David DeNunzio interviews Greg Norman at Tony Montana's former hunting cabin...wait, sorry, that's The Great White Shark's Colorado home.
Anyway, the gift that keeps on giving did have some very wise things to say in the same interview. But why dwell on the insightful Wednesday when we can always read the wise things Thursday.
Here's the comment grabbing all the headlines, as it should even though is the self proclaimed living icon of his own brand, a comment some might suggest speaks to a certain delusional quality.
A lot of people ask how I'd stack up against today's players if I had use of modern equipment. Listen, it's not about the gear. Winning is about what's in your heart and in your head. Equipment dictates how to play the game in an era, but the physical and mental skills are the same. And I had them. I never feared anything or anyone on the course, and I wasn't afraid to fail. So I think I'd do pretty well against Snead, Hogan, Tiger and Phil -- whoever. Tiger's a tough guy, but I was a tough guy on the course, too. I probably would have beat him.
Look Shark, you were the best player in the world, won two Open Championships and were one incredible golfer. But uh, well, how do I say this nicely? The score is 14-2 and I'm guessing that's about how the head-to-head match up would have played out.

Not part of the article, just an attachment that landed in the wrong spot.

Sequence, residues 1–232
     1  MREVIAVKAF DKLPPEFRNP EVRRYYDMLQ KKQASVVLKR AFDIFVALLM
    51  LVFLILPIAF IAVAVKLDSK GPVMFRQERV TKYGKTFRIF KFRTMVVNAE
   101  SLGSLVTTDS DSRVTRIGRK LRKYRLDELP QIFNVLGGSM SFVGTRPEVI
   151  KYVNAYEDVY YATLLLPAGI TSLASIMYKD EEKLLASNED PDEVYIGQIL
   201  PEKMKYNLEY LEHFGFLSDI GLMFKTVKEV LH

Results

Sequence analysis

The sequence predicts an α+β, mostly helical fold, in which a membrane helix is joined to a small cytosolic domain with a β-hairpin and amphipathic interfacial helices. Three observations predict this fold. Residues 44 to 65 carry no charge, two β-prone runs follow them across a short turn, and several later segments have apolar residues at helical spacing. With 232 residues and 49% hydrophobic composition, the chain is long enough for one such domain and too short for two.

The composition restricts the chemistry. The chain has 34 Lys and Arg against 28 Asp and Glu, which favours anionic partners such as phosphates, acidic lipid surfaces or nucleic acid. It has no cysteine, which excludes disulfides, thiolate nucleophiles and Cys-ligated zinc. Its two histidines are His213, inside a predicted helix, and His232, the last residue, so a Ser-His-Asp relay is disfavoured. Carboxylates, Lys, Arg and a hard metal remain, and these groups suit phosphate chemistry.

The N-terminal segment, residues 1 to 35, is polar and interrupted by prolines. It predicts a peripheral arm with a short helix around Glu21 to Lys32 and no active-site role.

Now, on a lighter note, it's great to see that with your wealth and success off the course you've been able to work through your emotions and think rationally when it comes to Commissioner Finchem and the World Tour concept he borrowed generously.
Unfortunately, Finchem and the media ripped me to shreds. They said I was trying to ruin the game. It got so bad that a lot of PGA club pros who carried Greg Norman Collection [clothes] began canceling their contracts. I was devastated, but I was so sure of the World Tour's promise that I called each one of them to explain my side of the story, because I was never offered the chance to do so with the PGA Tour. It took weeks. I asked each one to hear me out and draw his own conclusions. Everyone kept their contract. My tour never got off the ground, yet three years later the PGA Tour launched the World Golf Championships. I guess they didn't like the fact that it wasn't their idea.
It's poor policy to slay the dreamer just because he or she came up with a better plan. It's so against how I do things. If you came to me with something great that I had never thought of, I'd say, "Are you okay, or do you want help? Should we joint-venture?" If the answer is "no," I'm still going to support you, because your idea is fantastic. It didn't happen that way with Finchem and, honestly, it's one of the reasons I don't do certain things in golf anymore. I haven't played in a PGA-sanctioned event in 18 months. I don't see a reason to support an entity that tried to destroy my dream.